Silicon Valley hubris watch, Mary Meeker edition

By Felix Salmon
February 25, 2011

Maybe it’s the Palo Alto drinking water? It’s got to be something like that, in any case — some kind of causal explanation of why so many people start fancying themselves experts on public policy the minute they become successful in Silicon Valley.

Often, this kind of thing manifests itself in hubristic runs for public office, as we remember all too well from the political ambitions of Carly Fiorina and Meg Whitman. Other times, it’s the likes of Vinod Khosla or Pierre Omidyar declaring that they’re going to save the planet by means of for-profit microfinance. This time, it’s Mary Meeker, freshly arrived in the Valley, taking it upon herself to publish a 466-page PowerPoint presentation, not to mention a BusinessWeek cover story, based on the conceit that you can analyze the US fiscal situation as though the country were a company.

The presentation will surprise no one who has been following the fiscal debate at all, except for in the stunning vagueness of its “potential policy solutions.” Actually, it’s worse than that: after more than a year of Meeker’s self-described “deep dive” into America’s finances, she declares with no boldness at all that “we do not take a view on preferred policy options.”

As for the BusinessWeek article, here are the companies mentioned, in order: Apple, Microsoft, Apple, Apple, Apple, Microsoft, Dell, Amazon, Google, eBay, Morgan Stanley, Kleiner Perkins, Morgan Stanley, Morgan Stanley, Kleiner Perkins, Harvard Business Review, Microsoft, Nokia, Nokia, Google, Apple, Microsoft, Nokia, Nokia, eBay, Facebook, Google, Yahoo, Apple, GM, GM, GM.

Well, at least she mentioned one genuinely industrial company, there, at the end. But it’s incredibly unclear what she’s advocating: first she says that GM’s restructuring “can serve as an example for the future,” but then she quickly backtracks, saying that “no one would recommend that USA Inc. follow a similar course of slashing, burning, and stiffing bondholders.”

The truth of the matter is that you can’t run the country like it’s a technology company, and you can’t analyze it that way either. And it’s impossible to know what to make of rhetoric like this:

Once you understand USA Inc.’s main problems, the solutions become almost self-evident…

There’s a lot that can be done to make USA Inc. operate like a well-run business. A corporate turnaround specialist would quickly hire an independent firm to conduct an audit of each business line…

I hope it’s clear by now that USA Inc. has a spending problem, not a revenue problem…

In 25 years of studying tech companies and working in financial services, I’ve discovered that people will sacrifice if they have a clear idea of what their sacrifices can accomplish. I think the same goes for USA Inc…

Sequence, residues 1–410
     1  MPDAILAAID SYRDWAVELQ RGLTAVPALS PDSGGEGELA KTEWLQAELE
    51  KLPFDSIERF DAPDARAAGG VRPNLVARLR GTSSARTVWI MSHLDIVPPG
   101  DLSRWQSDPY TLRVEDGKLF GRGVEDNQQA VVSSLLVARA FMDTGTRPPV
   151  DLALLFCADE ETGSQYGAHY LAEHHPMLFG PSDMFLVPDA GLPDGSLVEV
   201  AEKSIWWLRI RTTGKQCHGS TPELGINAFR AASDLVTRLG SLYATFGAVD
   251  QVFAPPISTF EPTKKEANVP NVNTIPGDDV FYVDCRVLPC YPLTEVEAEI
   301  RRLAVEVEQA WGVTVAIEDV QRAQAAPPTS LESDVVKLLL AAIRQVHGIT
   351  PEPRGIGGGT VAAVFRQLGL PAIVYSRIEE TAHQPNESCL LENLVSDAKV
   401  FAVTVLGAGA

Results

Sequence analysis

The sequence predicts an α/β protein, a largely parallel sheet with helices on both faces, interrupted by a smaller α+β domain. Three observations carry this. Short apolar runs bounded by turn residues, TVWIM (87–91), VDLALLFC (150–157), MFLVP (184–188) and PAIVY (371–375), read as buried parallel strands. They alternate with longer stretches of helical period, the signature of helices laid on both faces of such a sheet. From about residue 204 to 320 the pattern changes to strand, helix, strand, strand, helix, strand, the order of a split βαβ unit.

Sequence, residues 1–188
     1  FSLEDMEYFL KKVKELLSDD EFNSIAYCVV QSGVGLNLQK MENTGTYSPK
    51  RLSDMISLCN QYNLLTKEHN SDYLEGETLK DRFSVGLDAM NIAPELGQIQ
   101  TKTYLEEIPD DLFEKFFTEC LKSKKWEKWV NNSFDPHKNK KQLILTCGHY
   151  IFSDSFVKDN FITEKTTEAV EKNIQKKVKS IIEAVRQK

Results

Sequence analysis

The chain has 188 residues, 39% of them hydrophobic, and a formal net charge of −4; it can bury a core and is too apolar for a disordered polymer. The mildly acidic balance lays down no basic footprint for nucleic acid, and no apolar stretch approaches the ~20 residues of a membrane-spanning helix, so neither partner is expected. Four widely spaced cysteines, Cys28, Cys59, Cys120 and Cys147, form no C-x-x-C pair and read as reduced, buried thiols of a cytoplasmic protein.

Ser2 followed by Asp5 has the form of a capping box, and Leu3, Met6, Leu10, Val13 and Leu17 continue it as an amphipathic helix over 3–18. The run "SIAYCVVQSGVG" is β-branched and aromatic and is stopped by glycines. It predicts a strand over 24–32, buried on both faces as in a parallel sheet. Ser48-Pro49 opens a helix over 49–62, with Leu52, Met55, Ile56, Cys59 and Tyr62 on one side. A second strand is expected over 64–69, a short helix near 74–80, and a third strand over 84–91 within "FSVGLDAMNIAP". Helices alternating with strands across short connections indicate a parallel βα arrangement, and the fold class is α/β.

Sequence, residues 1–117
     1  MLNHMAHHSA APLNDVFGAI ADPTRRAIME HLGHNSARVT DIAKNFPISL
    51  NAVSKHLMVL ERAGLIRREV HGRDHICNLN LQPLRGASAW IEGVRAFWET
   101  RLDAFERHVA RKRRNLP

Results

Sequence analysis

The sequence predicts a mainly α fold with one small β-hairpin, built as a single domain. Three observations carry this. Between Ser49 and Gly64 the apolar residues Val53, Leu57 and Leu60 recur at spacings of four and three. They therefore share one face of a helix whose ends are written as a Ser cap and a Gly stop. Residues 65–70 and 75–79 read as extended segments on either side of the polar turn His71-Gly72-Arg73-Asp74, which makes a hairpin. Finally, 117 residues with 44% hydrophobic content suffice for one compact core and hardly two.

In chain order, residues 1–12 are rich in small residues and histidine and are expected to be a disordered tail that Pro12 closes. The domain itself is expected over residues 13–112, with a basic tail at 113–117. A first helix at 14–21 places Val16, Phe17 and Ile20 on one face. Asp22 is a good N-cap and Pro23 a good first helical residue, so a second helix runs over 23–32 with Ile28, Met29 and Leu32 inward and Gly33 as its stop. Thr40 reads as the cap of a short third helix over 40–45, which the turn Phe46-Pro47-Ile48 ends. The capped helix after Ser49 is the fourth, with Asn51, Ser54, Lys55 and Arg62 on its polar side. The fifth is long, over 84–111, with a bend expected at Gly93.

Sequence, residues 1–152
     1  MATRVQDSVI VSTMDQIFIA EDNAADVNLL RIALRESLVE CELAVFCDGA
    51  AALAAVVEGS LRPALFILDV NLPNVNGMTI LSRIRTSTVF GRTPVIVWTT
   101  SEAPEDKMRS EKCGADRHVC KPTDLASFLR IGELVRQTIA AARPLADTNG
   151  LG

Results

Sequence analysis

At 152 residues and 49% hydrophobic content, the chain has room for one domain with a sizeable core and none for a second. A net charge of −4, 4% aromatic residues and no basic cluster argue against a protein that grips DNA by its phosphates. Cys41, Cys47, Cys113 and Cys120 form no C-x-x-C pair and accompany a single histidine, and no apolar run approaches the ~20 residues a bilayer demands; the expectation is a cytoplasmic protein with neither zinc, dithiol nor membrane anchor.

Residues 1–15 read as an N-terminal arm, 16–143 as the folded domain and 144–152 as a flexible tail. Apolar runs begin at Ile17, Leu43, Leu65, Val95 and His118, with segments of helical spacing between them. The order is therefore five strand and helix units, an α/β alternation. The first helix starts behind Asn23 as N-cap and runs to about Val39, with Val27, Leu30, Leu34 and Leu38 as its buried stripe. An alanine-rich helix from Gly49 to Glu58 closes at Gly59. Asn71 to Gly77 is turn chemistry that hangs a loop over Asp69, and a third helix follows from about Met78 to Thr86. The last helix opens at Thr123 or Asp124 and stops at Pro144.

USA Inc. needs to prime itself for renewal—and prepare for brutal decisions that change how we do business.

Actually, the solutions aren’t self-evident. Try asking a “corporate turnaround specialist” to turn around a corporation run as a democracy, where every employee gets an equal vote. Auditing business lines isn’t going to help you much there. Besides, Meeker’s “spending problem” is in the future, and overwhelmingly in Medicare and Medicaid — her “negative net worth” number of $44 trillion for the USA includes $58.1 trillion in future Medicare and Medicaid liabilities. And her solutions on that front are all but nonexistent: “isolate and address the drivers of medical cost inflation” or “improve efficiency / productivity of healthcare system” are not an answers so much as just ways of restating the question.

There’s really no point in calling for “brutal decisions” while at the same point refusing to take any view on what those decisions should be. And it might come as a shock to Meeker, but you can’t really extrapolate from the rich and well-educated employees of technology and financial-services firms to Americans as a whole. Ask Wisconsin’s Scott Walker about Americans coming together to make sacrifices for the greater good of the whole.

The main conclusion I draw from this report, then, is that once again Silicon Valley has managed to produce someone who thinks that their success in the tech industry qualifies them to talk with great certainty about issues they don’t really understand. Washington is full of fiscal-policy wonks, and Meeker has spent a lot of effort recreating standard fiscal analyses. But at least the Washington types understand that fiscal policy is a political issue, rather than something which can be solved with consultants and PowerPoint. And that’s something which seems to have eluded Meeker entirely.

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